The 2019 Kurd Laßwitz Preis shortlist has been announced.  Kurd Laßwitz (1848-1910) of whom the German SF excellence awards are named, was a philosopher, historian of science, and SF writer. He kind of holds the same regard in Germany as H. G. Wells does in the British Isles. The awards were established in 1981.  The prize is Germany's equivalent of the Nebula's in the US in that it is voted on by German authors, agents, editors and other SF professionals. There are a number of categories but the one of most interest to our largely English-speaking regulars is likely to be the 'Best Foreign Science Fiction Book' as it is intriguing to see how other nations view which mainly Anglophone titles they consider as worthy SF. Here the short-listed titles were:-
          Die Gabe [The Power] by Naomi Alderman
          Zwischen zwei Sternen [A Closed and Common Orbit] by Becky Chambers
          Walkaway [Walkaway] by Cory Doctorow
          Eiswelt [Early Riser] by Jasper Fforde
          Autonom [Autonomous] by Annalee Newitz
          New York 2140 [New York 2140] by Kim Stanley Robinson
          Ich bin viele [We Are Legion] by Dennis E. Taylor
          Die Kinder der Zeit [Children of Time] by Adrian Tchaikovsky
          Central Station [Central Station] by Lavie Tidhar
The award winners will be announced November.

The 2019 Seiun Award shortlist has been announced.  The award is voted on by a major Japanese convention's registrants.  There are a number of categories but the one of most interest to our largely English-speaking regulars is likely to be the 'Best Foreign Science Fiction Book' as it is intriguing to see how other nations view which mainly Anglophone titles they consider as worthy SF. Here the short-listed titles were:-
          Mecha Samurai Empire by Peter Tieryas
          Artemis by Andy Weir
          We Are Legion by Dennis E. Taylor
          Provenance by Ann Leckie
          Waking Gods by Sylvain Neuvel
          Six Wakes by Mur Lafferty
          Seveneves by Neal Stephenson
+++ Last year's Seiun Award principal category wins are here.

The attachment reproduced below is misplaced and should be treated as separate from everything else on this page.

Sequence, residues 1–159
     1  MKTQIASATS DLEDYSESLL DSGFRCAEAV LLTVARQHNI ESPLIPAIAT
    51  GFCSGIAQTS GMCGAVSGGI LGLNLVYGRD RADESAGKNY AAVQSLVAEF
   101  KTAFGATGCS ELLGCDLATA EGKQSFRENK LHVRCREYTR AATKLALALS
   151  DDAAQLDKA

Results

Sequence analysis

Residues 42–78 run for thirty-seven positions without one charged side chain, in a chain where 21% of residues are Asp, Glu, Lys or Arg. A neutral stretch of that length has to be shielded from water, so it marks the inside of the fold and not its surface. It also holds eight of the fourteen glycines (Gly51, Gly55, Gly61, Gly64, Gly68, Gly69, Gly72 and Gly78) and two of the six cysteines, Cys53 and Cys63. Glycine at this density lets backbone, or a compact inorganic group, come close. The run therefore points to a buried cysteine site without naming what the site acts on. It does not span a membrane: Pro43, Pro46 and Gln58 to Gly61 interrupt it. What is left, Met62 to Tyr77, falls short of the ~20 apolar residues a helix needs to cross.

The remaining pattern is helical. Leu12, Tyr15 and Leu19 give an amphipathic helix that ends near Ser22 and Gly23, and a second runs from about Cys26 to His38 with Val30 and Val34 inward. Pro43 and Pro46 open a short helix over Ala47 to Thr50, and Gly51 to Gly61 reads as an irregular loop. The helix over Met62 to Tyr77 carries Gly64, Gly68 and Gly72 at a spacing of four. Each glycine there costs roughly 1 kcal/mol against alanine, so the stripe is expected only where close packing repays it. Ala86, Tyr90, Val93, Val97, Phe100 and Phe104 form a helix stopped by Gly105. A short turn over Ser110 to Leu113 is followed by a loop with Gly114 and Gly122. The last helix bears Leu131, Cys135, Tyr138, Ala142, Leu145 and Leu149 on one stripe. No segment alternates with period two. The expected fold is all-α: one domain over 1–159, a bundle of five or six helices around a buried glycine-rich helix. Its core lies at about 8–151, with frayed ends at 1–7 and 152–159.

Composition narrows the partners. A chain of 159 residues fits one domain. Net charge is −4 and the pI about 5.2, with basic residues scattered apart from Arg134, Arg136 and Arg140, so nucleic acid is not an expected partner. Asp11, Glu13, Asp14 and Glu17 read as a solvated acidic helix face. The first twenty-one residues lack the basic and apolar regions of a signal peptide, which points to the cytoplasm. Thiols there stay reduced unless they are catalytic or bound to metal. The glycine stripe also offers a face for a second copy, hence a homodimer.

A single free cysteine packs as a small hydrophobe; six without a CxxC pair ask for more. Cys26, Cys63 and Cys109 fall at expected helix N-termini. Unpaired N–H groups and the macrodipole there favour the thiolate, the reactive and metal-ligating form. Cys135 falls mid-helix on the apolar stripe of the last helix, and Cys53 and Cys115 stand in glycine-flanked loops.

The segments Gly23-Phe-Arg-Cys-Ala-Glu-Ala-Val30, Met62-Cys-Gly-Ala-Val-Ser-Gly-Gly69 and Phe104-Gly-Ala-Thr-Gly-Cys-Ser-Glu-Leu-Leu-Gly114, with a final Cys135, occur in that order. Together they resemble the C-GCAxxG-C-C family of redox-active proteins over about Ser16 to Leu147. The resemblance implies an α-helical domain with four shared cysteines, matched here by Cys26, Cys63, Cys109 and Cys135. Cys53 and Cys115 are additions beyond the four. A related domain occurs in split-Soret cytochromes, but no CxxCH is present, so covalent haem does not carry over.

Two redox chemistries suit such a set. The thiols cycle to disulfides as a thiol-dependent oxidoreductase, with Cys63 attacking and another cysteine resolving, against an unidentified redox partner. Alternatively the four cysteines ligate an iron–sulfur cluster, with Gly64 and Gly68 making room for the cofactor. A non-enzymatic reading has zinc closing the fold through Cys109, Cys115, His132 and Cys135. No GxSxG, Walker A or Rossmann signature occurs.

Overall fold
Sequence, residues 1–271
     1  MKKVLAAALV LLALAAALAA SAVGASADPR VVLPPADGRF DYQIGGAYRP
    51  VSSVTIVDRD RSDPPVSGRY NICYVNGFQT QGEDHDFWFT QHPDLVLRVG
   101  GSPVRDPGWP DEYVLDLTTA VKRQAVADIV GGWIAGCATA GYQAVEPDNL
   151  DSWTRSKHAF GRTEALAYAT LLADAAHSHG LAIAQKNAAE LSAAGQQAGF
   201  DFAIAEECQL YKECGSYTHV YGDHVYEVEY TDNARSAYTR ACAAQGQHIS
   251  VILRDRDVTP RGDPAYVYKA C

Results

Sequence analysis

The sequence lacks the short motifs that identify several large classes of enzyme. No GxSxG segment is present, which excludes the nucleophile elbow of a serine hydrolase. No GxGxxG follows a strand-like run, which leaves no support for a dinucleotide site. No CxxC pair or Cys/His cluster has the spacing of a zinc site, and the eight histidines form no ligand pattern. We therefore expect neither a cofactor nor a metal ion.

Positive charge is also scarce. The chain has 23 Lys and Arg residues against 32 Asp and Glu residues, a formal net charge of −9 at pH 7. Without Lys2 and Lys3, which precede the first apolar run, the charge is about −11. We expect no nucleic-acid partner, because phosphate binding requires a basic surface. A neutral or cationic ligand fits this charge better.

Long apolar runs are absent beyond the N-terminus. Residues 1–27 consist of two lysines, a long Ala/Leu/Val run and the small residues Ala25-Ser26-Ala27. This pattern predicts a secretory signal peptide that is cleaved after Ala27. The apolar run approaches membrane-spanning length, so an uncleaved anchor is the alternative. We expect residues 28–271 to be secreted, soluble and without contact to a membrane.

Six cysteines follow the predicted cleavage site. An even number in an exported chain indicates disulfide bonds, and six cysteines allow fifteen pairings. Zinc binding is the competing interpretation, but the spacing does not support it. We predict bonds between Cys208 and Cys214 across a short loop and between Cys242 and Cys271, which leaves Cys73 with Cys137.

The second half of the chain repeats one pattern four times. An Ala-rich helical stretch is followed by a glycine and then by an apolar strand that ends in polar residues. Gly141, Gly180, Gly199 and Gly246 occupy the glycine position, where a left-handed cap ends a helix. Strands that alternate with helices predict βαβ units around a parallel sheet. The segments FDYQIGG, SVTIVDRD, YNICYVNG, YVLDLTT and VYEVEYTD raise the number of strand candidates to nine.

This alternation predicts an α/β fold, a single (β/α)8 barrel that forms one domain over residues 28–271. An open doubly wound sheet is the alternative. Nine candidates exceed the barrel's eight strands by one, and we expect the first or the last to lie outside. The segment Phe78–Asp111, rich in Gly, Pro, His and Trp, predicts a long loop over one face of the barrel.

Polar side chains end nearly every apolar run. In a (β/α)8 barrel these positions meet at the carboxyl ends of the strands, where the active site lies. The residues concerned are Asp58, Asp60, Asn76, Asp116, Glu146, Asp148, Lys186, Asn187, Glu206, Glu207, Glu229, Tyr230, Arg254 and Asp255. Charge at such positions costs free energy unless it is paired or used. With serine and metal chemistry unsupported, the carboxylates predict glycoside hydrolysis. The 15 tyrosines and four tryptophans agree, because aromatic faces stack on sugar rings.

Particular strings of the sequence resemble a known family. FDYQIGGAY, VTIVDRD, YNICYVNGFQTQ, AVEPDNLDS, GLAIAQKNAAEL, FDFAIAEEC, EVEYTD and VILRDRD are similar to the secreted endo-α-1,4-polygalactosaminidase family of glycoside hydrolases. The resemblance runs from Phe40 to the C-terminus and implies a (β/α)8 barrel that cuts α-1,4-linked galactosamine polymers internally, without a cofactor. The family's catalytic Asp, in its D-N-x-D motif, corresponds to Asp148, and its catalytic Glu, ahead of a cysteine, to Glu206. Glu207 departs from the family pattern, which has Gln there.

The Philip K. Dick Award winner has been announced.  The winner for the distinguished original science fiction paperback published for the first time during 2018 in the US is Theory of Βastards by Audrey Schulman.  A special citation was given to 48K by Claire North.  The Philip K. Dick Award is presented annually with the support of the Philip K. Dick Trust for distinguished science fiction published in paperback original form in the United States. The award is judged by a small panel and sponsored by the Philadelphia Science Fiction Society and the Philip K. Dick Trust with the award ceremony being sponsored by the NorthWest Science Fiction Society and taking place at Norwescon.  +++ Last year's Dick winner here.

The Gemmell Awards are no more.  The awards for works of fantasy, named after the British author David Gemmell, is to cease in the absence of a new generation of volunteers to run them.  +++ Related news previously reported on this site include: The Entire Works of David Gemmell are Coming to Audio for the First Time.


Other SF news includes:-

Sci-Fi London film fest – Some change.  This year the event has moved to mid-month and will now be on Wednesday 15th - Wednesday 22nd May 2019.  Also, there is a partial move back to the West End. In addition to the Stratford (east London) venue that has been used in recent years, there will also be screenings at Prince Charles Cinema in central London.

Liu Cixin sparks controversy in China.  Currently China's most famous SF author, Liu Cixin, has sparked controversy saying that he did most of his SF writing when at work as a software engineer at a state-owned power plant.  Actually, apparently he made the comment a few years ago in an interview, but this has recently gained more traction in social media – re-posted more than 3,000 times in hours on Weibo, China’s answer to Twitter– following the success of the film adaptation of The Wandering Earth: it took in 2 billion Yuan (£230 million, US$300 million) in just a week.  A China state department response followed: "Mr. Liu, this phenomenon you mentioned – more workers than available work -- is exactly why we are deepening reforms.  The reforms are good, so the enterprises can focus on their business, and you can focus on writing novels."  Reported by Bloomberg  +++ See also in film subsection below Wandering Earth film does well in US.

The 2019 Dublin Worldcon, membership rate has increased.  The Dublin 2019 Attending Membership Rates rose in February.  Full Adult Attending membership rates rise to €235 from €210.  Irish First Worldcon rates, for adults from the island of Ireland attending their first Worldcon, rise to €150 from €130.  Young Adult Attending membership rates rise to €150 from €130.  As part of the convention's policy to encourage families and children to attend Dublin 2019, discounts of up to 10% for Adult-Child families of three or more members are available.  Dublin 2019 - An Irish Worldcon will take place in the Convention Centre Dublin from 15th August to 19th August 2019. Activities will include the Hugo Awards presentations as well as a masquerade costume display. At Worldcons there are typically 650 to 800 separate programme items, including: author readings and autograph sessions, films and videos, academic presentations, and panel discussions.
          The Hugo Award nomination short-list has also been announced. See the news item earlier above.

And finally….